Dora L. Costa Ph.D.

Department of Economics
Email: Discipline: Economics Expertise: Disparities, Health Economics

Investigator Award
Race and Health across the Twentieth Century
Award Year: 2002 In her Investigator Award project, Race and Health across the Twentieth Century, Dr. Dora Costa looks to the past to help us understand the factors that led to health differences between whites and African Americans. Dr. Costa will use various datasets that span the entire twentieth century and, for the early twentieth century, include selected populations, such as children born at Johns Hopkins Hospital and African American Civil War veterans. Armed with these data, she will examine health outcomes during the first 10 days of life, and again at middle and late ages. Her study will explore how differential access to technology and knowledge contributes to disparities in health status. By analyzing conditions such as heart disease, where significant technological advances have been evident, Dr. Costa will investigate the role of access to technology in outcome disparities. She will also consider how historical politics contributed to racial differences in access to clean water, sewage, and medical care.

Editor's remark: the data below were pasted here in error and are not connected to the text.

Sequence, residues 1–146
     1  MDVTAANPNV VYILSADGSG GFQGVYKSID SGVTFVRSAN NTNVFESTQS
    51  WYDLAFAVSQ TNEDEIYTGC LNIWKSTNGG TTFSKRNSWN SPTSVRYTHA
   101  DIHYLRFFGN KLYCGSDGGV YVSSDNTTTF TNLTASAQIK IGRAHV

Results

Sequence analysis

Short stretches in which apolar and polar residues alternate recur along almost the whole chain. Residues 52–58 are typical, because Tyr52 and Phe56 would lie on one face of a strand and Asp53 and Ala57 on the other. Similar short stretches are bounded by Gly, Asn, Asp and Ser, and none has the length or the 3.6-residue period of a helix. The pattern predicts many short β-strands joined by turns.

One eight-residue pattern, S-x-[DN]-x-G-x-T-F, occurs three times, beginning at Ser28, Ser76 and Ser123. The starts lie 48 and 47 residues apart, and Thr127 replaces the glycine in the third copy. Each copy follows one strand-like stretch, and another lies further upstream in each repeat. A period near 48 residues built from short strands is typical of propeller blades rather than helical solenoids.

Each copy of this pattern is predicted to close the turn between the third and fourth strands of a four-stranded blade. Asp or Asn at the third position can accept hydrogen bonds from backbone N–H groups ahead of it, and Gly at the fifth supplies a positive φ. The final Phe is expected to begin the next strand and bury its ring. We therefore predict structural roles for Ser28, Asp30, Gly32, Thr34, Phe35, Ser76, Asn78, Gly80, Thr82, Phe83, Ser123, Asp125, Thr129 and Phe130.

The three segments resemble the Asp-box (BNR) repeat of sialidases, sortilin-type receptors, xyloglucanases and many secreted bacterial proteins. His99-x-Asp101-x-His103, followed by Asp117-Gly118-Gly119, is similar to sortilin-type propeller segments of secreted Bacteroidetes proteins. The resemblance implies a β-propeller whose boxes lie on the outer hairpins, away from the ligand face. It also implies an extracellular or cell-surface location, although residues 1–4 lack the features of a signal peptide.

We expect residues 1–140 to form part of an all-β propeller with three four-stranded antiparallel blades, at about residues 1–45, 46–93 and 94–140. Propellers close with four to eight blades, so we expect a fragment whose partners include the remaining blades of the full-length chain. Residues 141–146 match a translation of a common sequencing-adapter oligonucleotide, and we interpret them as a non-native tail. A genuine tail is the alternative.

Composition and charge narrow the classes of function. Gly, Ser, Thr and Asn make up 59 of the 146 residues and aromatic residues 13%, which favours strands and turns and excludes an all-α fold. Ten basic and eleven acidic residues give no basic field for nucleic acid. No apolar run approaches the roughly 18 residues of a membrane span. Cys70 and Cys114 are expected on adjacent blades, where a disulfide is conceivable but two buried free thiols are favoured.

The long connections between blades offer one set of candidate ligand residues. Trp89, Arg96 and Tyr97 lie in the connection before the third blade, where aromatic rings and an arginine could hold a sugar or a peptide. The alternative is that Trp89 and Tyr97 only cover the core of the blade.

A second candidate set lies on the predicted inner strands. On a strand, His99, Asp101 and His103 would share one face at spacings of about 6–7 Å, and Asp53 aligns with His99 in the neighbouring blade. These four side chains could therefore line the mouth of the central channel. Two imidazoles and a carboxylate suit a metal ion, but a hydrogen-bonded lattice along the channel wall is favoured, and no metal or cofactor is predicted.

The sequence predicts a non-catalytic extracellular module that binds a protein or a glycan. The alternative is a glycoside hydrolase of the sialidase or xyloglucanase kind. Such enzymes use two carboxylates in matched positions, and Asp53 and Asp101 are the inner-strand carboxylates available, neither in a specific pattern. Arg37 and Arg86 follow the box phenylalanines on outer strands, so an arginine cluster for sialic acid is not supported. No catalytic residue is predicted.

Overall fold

Dora L. Costa is professor of economics at UCLA where she teaches economic history. She is also an associate director of the California Population Research Center, a research associate in the National Bureau of Economic Research's (NBER) programs on the Development of the American Economy and on Aging and the director of the NBER working group Cohort Studies. Until 2008, she had been professor of economics at MIT. She received her B.A. in economics and mathematics from the University of California, Berkeley in 1986 and her Ph.D. in economics from the University of Chicago in 1993 and joined MIT in 1993. She spent 1995-1996 at the National Bureau of Economic Research as an Aging Fellow, 1999-2000 at the Russell Sage Foundation as a visiting scholar, and 2003-2004 at the Center for Advanced Study in the Behavioral and Social Sciences as a fellow. She has received several NIH grants. Costa's research focuses primarily on issues in labor economics, demography, and health, as interpreted over the long span of American economic history. Her work has covered a wide range of topics including: retirement, elderly living arrangements, determinants of older age mortality and morbidity, long-term trends in the health of the population, trends in leisure, CPI bias, and social capital. Most of her research contrasts and compares the past with the present and examines why cross-sectional relations have been changing to better inform our understanding of the future. She is the author of numerous articles and a book, "The Evolution of Retirement: An American Economic History 1880-1990" (University of Chicago Press for NBER 1998). She is currently pursuing two lines of research. One is an investigation of long-term trends in health inequality by social class at all stages of the life cycle and of the effect of childhood health on morbidity and economic outcomes at older ages. The other line of study is on social capital, using data from the Union Army. She and Matthew Kahn are currently working on a book, "Heroes and Cowards: The Social Face of War".